SEDRO-WOOLLEY — As students prepare to begin another school year with COVID-19 looming over them, school districts have been trying to find as many ways as possible to get back to normal.
For the Sedro-Woolley School District, that has meant bringing back a summer school program that was not held in 2020, though with some tweaks in place.
Before the pandemic, each of the district’s seven elementary schools and its middle school held its own summer school program. This year, the district decided to bring all of the summer school students together at Cascade Middle School.
“We decided we needed to approach it differently,” said Heather Swenson, the district’s summer school principal.
While parents and educators have been concerned about learning loss, many are also concerned with the students’ social and emotional needs.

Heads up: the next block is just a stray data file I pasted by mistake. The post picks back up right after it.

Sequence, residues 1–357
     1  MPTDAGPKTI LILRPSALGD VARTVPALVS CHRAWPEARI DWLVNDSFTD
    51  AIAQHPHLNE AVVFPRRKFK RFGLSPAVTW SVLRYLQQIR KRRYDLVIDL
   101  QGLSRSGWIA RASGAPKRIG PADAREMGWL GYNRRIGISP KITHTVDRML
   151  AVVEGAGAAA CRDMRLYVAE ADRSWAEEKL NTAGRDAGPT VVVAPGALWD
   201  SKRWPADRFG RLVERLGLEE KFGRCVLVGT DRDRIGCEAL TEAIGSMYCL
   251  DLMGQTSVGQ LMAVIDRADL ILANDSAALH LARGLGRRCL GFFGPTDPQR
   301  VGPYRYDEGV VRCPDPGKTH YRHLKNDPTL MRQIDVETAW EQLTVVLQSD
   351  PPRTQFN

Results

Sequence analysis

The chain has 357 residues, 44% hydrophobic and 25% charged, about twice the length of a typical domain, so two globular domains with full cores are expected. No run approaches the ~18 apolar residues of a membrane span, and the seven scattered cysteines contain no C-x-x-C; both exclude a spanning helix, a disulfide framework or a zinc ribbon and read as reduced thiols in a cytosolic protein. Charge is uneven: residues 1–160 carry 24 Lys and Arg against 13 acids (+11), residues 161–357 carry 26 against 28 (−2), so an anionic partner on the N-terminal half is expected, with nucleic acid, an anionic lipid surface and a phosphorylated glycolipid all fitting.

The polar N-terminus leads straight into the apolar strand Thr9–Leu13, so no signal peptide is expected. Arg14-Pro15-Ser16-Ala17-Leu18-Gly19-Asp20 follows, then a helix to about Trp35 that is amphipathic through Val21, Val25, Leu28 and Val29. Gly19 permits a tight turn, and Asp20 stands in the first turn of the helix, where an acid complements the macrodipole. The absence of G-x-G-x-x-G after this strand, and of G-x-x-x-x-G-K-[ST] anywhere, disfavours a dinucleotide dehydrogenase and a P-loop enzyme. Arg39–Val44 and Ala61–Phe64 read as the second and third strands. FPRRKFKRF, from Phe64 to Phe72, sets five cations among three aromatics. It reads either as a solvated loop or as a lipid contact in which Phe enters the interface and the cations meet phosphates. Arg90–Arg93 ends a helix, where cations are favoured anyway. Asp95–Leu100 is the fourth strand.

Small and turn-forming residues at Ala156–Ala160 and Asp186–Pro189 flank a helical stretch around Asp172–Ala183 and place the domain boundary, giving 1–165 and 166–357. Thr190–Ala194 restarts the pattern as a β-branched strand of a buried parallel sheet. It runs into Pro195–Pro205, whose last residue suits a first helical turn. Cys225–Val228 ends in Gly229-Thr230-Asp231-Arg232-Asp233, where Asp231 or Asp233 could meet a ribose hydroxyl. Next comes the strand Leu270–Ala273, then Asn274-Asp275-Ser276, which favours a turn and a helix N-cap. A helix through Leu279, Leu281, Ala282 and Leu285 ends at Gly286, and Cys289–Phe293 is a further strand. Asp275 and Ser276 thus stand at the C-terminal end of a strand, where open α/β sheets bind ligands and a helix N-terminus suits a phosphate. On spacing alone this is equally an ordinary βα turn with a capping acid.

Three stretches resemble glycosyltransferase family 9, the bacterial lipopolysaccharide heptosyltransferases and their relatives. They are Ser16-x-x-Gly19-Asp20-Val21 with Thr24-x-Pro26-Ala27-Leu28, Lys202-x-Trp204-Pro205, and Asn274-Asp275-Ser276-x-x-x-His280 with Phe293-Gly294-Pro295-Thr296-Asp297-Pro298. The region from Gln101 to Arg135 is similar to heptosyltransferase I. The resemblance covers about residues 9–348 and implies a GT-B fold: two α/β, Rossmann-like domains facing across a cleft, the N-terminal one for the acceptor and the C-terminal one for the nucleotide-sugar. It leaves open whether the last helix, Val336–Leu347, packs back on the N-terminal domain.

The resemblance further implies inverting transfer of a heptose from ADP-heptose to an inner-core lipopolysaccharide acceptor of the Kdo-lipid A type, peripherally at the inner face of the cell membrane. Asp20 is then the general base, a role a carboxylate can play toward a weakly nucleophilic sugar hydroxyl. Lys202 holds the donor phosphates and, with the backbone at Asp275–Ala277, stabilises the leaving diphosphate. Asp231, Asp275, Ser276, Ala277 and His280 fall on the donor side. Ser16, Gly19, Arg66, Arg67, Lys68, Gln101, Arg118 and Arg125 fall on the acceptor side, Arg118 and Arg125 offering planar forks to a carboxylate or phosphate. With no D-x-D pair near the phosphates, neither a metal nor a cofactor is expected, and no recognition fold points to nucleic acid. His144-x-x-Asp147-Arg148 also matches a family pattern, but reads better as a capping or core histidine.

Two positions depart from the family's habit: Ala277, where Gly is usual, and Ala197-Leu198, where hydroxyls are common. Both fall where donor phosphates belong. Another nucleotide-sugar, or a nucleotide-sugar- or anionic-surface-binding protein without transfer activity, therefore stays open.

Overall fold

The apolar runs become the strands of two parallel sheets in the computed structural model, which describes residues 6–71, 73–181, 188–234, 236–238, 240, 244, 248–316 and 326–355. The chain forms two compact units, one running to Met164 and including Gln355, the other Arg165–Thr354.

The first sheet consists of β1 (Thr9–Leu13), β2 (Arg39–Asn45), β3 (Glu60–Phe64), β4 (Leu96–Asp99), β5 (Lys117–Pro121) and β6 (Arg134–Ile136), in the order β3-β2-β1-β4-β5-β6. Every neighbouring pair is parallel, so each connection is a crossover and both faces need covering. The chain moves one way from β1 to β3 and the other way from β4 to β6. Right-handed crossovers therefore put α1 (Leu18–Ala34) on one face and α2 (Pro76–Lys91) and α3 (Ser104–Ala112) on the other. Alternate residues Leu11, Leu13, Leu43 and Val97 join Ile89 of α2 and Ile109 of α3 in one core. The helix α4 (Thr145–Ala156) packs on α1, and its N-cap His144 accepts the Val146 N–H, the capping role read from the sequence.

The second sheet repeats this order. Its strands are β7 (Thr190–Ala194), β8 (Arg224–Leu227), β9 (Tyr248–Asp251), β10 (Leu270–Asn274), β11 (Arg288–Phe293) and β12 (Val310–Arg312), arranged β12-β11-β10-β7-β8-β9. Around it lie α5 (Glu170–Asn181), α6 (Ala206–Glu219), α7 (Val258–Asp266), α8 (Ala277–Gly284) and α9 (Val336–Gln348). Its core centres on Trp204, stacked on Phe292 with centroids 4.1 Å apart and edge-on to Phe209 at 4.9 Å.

They believe putting all the students on one campus will help with that, Swenson said.
With about 200 students attending summer school at any given time, it is the largest turnout the district has ever had, she said.
Additionally, the district was able to hire three school counselors to help the children during the summer school program, Swenson said.
“We’ve been seeing a lot of anxiety in kids,” Swenson said. “So it’s been really amazing having them here.”
In one first-grade class, students learned about community and how everyone can contribute in their own way.
“We learned about superheroes other than Captain America,” said Daisy Fornier. “Like police and garbage collectors and firemen.”
In accordance with that theme, firefighters from the Sedro-Woolley Fire Department helped students pick out books in the summer school’s culminating book fair.
Thanks to a grant from the Sedro-Woolley Alumni & Schools Foundation, Swenson was able to buy enough books to allow each student to pick out two books or journals.
“Our goal is for kids to leave here excited for school,” Swenson said.
She said she was told it was the first Scholastic Book Fair held in the United States for the 2021-2022 school year.
Next year, Swenson said she hopes the summer school is bigger and better, with more students attending.